Questions & Answers

I get asked a lot of questions over and over. Here are the answers.

How are you feeling?
Depends on the day. I’ve been everything from “almost normal” to “near death.” As of this writing (Aug. 16), I’m still getting over the side effects of chemo. Felt ok yesterday, then, today, I feel like a truck ran over me.

You’ll be fine. My aunt/sister/mom/daughter had breast cancer and she’s doing great!
While I would very much like to believe you, don’t forget that every woman is different and every breast cancer is different. The prognosis for pre-menopausal women is not nearly as good as it is for post-menopausal women. With all of the treatment I’m doing, I have about an 85 percent chance of being alive in 10 years (actually, of being “not dead” from cancer). I would rather that were higher. Other people my age have more like a 99 percent chance of being alive in 10 years. I’d like to have a doctor tell me that, but it isn’t going to happen.

How did you find the breast cancer?
I had pain, which is a little unusual for a breast cancer symptom. All of the doctors raise their eyebrows when they hear this. There is an adage that if it is pain, it generally isn’t breast cancer, and I had a doctor tell me this a few years ago. Don’t believe what you hear! The first pain was a shooting pain, through the center of my breast. Felt like a lightning bolt shot out my nipple. Had a few of those one day. Then, it started changing over the course of three weeks. It felt sore for a while. I also had a symptom where I felt like I had breast milk leaking, but when I would touch my nipple to see what was going on, nothing was there. Honestly, that was more alarming than the pain. I actually dismissed the pain, thinking it was probably a cyst. By the time I got to the doctor about three weeks after the first pain, I also felt a heaviness on the side of my breast where the cancer was found. My doctor found the lump, even though I had been poking and prodding the area trying to find something. It was too deep for me!

Did they find the cancer on a mammogram?
No. I was 34 years old at the time of diagnosis. It takes an act of God and Congress to get a mammogram before you are 35. You can get what is called a “baseline” at 35, which just means your first one. Then, they don’t do it again until 40. They’ll do it annually after that. I would have requested a mammogram in June when I had my annual exam. (I’ve been anxiously awaiting this “35” threshold for years, often asking for a mammogram and always discouraged from it.) I’ve been told that younger breasts are typically more dense and do not “perform” well on a mammogram. I think it’s a health insurance issue — they don’t want to pay so they are playing the odds. Breast cancer occurs in 1 in 229 women under 40 and 1 in 7 over 60. Unfortunately, breast cancer in younger women tends to be more deadly. I have to think this is because it is not spotted as early as it is in women over 40 who get annual mammograms.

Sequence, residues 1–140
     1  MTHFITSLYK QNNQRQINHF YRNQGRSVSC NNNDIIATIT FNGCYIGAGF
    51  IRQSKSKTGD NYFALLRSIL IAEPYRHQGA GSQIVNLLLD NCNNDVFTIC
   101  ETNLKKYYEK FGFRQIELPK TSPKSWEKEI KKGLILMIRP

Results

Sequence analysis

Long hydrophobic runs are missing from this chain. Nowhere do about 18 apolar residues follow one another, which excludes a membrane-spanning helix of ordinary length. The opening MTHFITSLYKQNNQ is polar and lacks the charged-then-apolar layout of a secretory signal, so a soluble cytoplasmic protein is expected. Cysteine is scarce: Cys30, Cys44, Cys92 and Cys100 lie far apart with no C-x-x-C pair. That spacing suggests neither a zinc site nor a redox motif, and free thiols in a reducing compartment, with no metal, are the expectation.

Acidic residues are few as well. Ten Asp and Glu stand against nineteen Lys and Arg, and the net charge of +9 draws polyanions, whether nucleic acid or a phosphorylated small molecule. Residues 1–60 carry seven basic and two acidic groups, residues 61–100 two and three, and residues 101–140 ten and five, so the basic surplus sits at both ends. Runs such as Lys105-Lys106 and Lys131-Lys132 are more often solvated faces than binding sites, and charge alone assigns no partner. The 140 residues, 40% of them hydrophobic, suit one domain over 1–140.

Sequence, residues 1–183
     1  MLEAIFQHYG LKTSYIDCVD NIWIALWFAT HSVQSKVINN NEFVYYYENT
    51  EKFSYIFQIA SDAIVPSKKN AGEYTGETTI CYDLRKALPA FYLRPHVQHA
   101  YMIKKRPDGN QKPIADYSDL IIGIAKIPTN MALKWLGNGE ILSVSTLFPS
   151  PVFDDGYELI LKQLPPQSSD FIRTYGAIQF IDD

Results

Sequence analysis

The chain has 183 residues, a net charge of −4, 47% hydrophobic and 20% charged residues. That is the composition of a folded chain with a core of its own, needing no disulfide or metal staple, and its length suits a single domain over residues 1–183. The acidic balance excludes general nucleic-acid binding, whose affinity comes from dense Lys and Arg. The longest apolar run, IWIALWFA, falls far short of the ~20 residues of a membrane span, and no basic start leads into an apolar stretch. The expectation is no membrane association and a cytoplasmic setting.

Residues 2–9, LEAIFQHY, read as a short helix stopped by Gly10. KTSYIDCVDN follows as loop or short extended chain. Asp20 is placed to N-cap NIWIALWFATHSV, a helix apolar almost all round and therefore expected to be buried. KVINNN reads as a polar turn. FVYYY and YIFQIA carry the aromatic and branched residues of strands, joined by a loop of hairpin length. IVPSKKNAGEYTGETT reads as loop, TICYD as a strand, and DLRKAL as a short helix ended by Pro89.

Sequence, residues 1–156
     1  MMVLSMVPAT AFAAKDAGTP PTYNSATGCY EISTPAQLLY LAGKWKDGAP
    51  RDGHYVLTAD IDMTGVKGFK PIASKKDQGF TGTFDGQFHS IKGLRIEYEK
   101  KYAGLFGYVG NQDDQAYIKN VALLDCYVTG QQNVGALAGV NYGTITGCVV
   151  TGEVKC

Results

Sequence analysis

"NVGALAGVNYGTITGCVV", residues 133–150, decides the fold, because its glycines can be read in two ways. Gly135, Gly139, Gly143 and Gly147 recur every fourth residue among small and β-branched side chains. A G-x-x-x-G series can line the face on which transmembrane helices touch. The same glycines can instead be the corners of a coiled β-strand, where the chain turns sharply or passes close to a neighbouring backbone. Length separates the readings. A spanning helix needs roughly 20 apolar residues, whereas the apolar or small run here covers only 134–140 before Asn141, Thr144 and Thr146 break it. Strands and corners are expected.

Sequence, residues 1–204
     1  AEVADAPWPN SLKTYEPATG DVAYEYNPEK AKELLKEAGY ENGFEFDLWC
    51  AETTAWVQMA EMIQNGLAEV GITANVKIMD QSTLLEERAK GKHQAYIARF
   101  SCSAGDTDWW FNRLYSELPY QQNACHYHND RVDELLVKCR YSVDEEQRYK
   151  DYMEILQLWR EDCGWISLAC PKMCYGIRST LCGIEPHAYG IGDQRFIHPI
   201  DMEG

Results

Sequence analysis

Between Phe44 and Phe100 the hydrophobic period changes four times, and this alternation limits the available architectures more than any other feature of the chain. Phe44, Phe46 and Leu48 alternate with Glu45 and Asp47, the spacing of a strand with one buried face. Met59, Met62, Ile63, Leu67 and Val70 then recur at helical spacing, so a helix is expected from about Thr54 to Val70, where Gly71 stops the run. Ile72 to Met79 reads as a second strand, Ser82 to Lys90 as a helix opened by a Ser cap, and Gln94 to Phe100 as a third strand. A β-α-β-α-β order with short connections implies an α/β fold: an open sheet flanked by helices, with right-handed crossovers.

Do you have breast cancer in your family?
Yes, but don’t let this fool you into thinking you are safe. 90 percent of women with breast cancer have NO family member with the disease. 80 percent have no identifiable risk factor whatsoever. (Which makes me wonder, what the heck is a risk factor if it only identifies 20 percent of those who get it?) I have two paternal aunts and one maternal aunt who have had breast cancer thus far, although all were past menopause at the time of diagnosis. I have learned that post-menopausal breast cancer and pre-menopausal breast cancer are two different ballparks.

How was your surgery?
I had a lumpectomy with sentinel node biopsy on March 27. It was really, very, extremely not fun. I have a six inch incision on my breast and a 3.5 inch incision in my armpit. They removed three lymph nodes and an area of tissue in my breast that was 10 cm x 9 cm x 6 cm (about 4 x 3.5 x 2.5 in inches). When I removed my bandage the evening of March 29, I was a little startled by the difference in my breast, but I was really glad to get the cancer out. I was doing really well and starting to feel pretty good, except for the suture pain, by March 30, when my surgeon called to share the bad news that they did not get all of the cancer. This was a serious emotional blow. I will have to have a mastectomy soon.

Are you going to lose your hair?
Yes. I lost all of my hair due to chemotherapy. There are a couple types of chemo used on breast cancer patients and they all have the potential to make you lose your hair. I had three types of chemotherapy: Adriamyacin, Cytoxan and Taxol.

Author: rosie

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1 Comment

  1. Hi Rosie, just another WDG girl sending you a “hello”. Now I went looking for jokes and found one – now I really hope this doesn’t offend anyone – sorry if it does – but I thought it was really funny –

    Q: What do you call it when a blonde dies their hair brunette?
    A: Artificial intelligence.

    Will try and post more often – take care.

    Dawn

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